Massachusetts and Federal cases provide no “bright line” rules as to what distinguishes a “substantive” error from a “clerical” error. Britt v. Whitmire, 956 F.2d 509, 513 (5th Cir. 1992). See, e.g., Jones v. Anderson-Tully Co., 722 F.2d at 212 (mistake in describing boundaries in judgment affects “substantive” rights of adjoining property owners); United States v. Griffin, 782 F.2d at 1396 (giving various examples of errors in awarding interest in judgments, both within and outside purview of rule 60(a)); Dalessio v. Dalessio, 409 Mass. at 832-833 n. 6 (recalculating division of assets from joint investment account classified as “substantive” relief under rule 60(b)). An alteration has been deemed “clerical,” in accordance with rule 60(a), when a portion of the judgment indicates on its face that the alteration reflects a judge’s original intent. See, e.g., Dura-Wood Treating Co., Div. of Roy O. Martin Lumber Co. v. Century Forest Indus., Inc., 694 F.2d 112 (5th Cir. 1982) (judgment stated intent to award attorney’s fees as stipulated by parties but award only reflected a portion of the fees); In re Village by the Sea, supra.

That a substantive change in an award could result from a correction of a “scrivener’s error” is not a barrier to implementation of the rule. Inevitably, changes made pursuant to rule 60(a) may have “significant effects.” United States v. Griffin, supra at 1397. What is troublesome, however, is a situation where the “clerical mistake” or the error resulting from “oversight or omission” to be corrected by a rule 60(a) motion is not apparent on the face of the judgment. [Note 7] In Britt v. Whitmire, supra at 512-515, for example, the Federal District Court judge granted the defendant’s motion for partial summary judgment and recited that result in the judgment. “Hav[ing] assumed that the court intended to grant summary judgment on all of [p]laintiff’s claims,” and that the judgment of “partial” summary judgment was a typographical error, the defendant moved for relief pursuant to rule 60(a). Id. at 513. The Fifth Circuit held that the defendant’s motion, seeking much more than a clarification of typography, was aimed directly at “the substantive rights of the parties, seeking substantive alterations in the judgments” more properly characterized as a rule 59(e) motion. Id. at 515. The circumstances presented here call for the same characterization.

A judgment like the one in this case, which appears correct and accurate on its face, will withstand a rule 60(a) motion because further alteration would involve tampering with a judgment ordered by a trial judge who cannot revisit the matter.

Denial of motion to amend judgment of divorce nisi affirmed.



[Note 1] The complaint for divorce is the standard form complaint provided by the Probate Court. There are blanks on the form for inserting the book and page reference for deeds.

[Note 2] The house is located on the site referred to by book and page in the original judgment.

[Note 3] Rule 60(a) of the Massachusetts Rules of Domestic Relations Procedure is identical to Mass.R.Civ.P. 60(a), 365 Mass. 828 (1974). The rule states:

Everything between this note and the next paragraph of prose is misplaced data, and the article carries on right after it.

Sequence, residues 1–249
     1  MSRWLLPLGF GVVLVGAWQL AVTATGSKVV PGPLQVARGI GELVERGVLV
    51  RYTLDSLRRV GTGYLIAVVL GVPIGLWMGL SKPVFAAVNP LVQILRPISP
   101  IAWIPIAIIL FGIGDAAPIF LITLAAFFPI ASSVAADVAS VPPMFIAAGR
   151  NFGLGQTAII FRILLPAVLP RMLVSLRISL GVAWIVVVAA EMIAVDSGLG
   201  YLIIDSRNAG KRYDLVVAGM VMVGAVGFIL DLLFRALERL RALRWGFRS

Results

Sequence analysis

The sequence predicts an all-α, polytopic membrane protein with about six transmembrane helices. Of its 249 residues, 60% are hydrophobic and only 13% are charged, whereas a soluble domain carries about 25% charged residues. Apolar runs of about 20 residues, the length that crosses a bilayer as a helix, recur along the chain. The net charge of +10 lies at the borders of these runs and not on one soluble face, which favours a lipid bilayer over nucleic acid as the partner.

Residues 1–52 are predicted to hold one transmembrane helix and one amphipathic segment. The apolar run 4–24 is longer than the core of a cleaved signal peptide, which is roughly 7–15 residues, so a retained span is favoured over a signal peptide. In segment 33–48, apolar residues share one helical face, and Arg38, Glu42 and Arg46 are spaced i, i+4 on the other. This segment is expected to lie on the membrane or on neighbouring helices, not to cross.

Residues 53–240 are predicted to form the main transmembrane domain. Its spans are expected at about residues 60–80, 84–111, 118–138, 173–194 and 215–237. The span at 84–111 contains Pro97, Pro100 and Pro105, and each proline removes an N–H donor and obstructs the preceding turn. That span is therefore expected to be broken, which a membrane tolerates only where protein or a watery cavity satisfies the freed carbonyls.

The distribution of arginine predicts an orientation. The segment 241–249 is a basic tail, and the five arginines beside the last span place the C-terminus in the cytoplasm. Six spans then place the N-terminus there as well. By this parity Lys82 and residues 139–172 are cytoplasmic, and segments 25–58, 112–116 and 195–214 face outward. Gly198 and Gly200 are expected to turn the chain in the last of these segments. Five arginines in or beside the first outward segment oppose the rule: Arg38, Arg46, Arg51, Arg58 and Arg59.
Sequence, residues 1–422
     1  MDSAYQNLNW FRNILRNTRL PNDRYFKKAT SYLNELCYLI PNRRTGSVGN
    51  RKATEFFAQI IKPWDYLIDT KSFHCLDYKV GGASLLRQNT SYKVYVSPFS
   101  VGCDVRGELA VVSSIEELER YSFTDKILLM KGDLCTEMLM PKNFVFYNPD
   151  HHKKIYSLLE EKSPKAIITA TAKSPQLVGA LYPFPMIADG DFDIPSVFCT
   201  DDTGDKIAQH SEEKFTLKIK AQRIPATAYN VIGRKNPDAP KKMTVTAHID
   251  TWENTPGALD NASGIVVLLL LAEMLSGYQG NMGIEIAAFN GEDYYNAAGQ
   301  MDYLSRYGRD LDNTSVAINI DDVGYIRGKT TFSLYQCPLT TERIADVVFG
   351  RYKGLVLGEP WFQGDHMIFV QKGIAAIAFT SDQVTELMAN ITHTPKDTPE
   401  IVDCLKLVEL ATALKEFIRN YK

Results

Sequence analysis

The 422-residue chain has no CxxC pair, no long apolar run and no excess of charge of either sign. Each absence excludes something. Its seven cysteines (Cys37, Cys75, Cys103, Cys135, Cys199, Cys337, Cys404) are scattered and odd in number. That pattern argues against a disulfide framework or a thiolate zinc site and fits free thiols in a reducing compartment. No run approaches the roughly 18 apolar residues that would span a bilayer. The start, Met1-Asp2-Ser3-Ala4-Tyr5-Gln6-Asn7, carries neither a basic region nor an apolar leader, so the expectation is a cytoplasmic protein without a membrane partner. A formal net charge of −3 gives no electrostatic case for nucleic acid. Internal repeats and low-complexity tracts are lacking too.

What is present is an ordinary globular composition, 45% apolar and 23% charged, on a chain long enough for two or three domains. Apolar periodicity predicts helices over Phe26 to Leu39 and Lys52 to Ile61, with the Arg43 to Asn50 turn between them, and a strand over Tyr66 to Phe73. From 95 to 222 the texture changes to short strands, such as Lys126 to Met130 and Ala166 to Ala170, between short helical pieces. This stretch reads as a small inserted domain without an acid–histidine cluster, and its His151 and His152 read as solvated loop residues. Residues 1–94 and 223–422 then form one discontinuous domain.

“Clerical mistakes in judgments, orders or other parts of the record and errors therein arising from oversight or omission may be corrected by the court at any time on its own initiative or on the motion of any party and after such notice, if any, as the court orders. During the pendency of an appeal, such mistakes may be so corrected before the appeal is docketed in the appellate court, and thereafter while the appeal is pending may be so corrected with leave of the appellate court.”

[Note 4] The Montana Supreme Court was interpreting a trial court rule that predated the adoption of the Federal Rules of Civil Procedure. The language of the early Montana rule explicitly reflects the substance of the later-adopted rule 60(a): “In case of an omission or error in the record, the power exists in the court to amend such record so that it shall conform to the actual facts and truth of the case; but a court cannot amend its record to correct a judicial error or to remedy the effect of judicial non-action.” State ex rel. Union Bank & Trust Co. v. District Court et al., 108 Mont. 151, 156 (1939).

[Note 5] Griffin is a rule 60(a) case involving the calculation of interest in a consent decree effecting a foreclosure sale. The judge mentioned an award of interest in the judgment and left blanks to insert the legal rate, but someone entered an incorrect rate in one of the blanks. The Seventh Circuit held that correcting the rate of interest was proper, according to rule 60(a), because it restored the effect intended by the judge who endorsed the consent decree as an order for judgment. 782 F.2d at 1397.

[Note 6] The first judge had retired and was, therefore, unavailable to act as the motion judge. If he had known of the separate deeds when he crafted the judgment, the first judge might have granted Judith all of the real estate comprising the former marital home. The location of the land and the context of the divorce judgment suggest that, had Judith properly designated the lots in her request for relief, she might have received it. Moreover, if Judith had filed a rule 59(e) motion within ten days or a rule 60(b)(1) motion within a year of the judgment, she might have received the relief she now seeks because the first judge could have addressed such motions.

[Note 7] In the situation where the judge who originally ordered the judgment reviews a rule 60(a) motion in light of his or her original intent, the moving party may not have as difficult a task in proving that there was a clerical mistake or error. An appellate court reviews the judge’s finding of mistake or error according to an abuse of discretion standard and would grant deference to the judge’s determination of his or her own contemporaneous intent in framing the judgment. DeLuca v. DeLuca, 26 Mass. App. Ct. at 194.